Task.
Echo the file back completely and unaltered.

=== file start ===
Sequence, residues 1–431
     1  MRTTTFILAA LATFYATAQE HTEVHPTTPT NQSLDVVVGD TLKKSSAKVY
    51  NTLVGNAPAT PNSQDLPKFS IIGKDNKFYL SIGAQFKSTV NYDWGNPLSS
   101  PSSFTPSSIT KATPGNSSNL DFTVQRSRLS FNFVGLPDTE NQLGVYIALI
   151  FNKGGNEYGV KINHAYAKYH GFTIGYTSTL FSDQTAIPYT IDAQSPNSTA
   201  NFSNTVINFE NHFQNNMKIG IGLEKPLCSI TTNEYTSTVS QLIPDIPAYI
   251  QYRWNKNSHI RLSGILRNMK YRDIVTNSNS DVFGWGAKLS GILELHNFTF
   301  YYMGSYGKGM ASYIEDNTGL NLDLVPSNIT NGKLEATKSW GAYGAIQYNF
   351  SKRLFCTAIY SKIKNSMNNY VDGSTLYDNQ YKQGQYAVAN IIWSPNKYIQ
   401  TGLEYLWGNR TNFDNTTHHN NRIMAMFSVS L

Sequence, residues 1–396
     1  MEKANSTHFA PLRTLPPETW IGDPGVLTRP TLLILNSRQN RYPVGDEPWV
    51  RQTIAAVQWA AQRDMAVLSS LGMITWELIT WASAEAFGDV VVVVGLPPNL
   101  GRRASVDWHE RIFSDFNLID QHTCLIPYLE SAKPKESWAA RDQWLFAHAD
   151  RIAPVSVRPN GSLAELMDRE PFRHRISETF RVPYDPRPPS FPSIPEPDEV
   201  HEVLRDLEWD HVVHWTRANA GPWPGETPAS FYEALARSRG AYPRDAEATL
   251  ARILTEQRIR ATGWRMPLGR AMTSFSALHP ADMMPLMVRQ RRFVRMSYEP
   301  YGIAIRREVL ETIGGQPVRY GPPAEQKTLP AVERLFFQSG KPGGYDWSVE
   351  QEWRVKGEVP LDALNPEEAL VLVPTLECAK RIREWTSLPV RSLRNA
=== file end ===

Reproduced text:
Sequence, residues 1–431
     1  MRTTTFILAA LATFYATAQE HTEVHPTTPT NQSLDVVVGD TLKKSSAKVY
    51  NTLVGNAPAT PNSQDLPKFS IIGKDNKFYL SIGAQFKSTV NYDWGNPLSS
   101  PSSFTPSSIT KATPGNSSNL DFTVQRSRLS FNFVGLPDTE NQLGVYIALI
   151  FNKGGNEYGV KINHAYAKYH GFTIGYTSTL FSDQTAIPYT IDAQSPNSTA
   201  NFSNTVINFE NHFQNNMKIG IGLEKPLCSI TTNEYTSTVS QLIPDIPAYI
   251  QYRWNKNSHI RLSGILRNMK YRDIVTNSNS DVFGWGAKLS GILELHNFTF
   301  YYMGSYGKGM ASYIEDNTGL NLDLVPSNIT NGKLEATKSW GAYGAIQYNF
   351  SKRLFCTAIY SKIKNSMNNY VDGSTLYDNQ YKQGQYAVAN IIWSPNKYIQ
   401  TGLEYLWGNR TNFDNTTHHN NRIMAMFSVS L

Sequence, residues 1–396
     1  MEKANSTHFA PLRTLPPETW IGDPGVLTRP TLLILNSRQN RYPVGDEPWV
    51  RQTIAAVQWA AQRDMAVLSS LGMITWELIT WASAEAFGDV VVVVGLPPNL
   101  GRRASVDWHE RIFSDFNLID QHTCLIPYLE SAKPKESWAA RDQWLFAHAD
   151  RIAPVSVRPN GSLAELMDRE PFRHRISETF RVPYDPRPPS FPSIPEPDEV
   201  HEVLRDLEWD HVVHWTRANA GPWPGETPAS FYEALARSRG AYPRDAEATL
   251  ARILTEQRIR ATGWRMPLGR AMTSFSALHP ADMMPLMVRQ RRFVRMSYEP
   301  YGIAIRREVL ETIGGQPVRY GPPAEQKTLP AVERLFFQSG KPGGYDWSVE
   351  QEWRVKGEVP LDALNPEEAL VLVPTLECAK RIREWTSLPV RSLRNA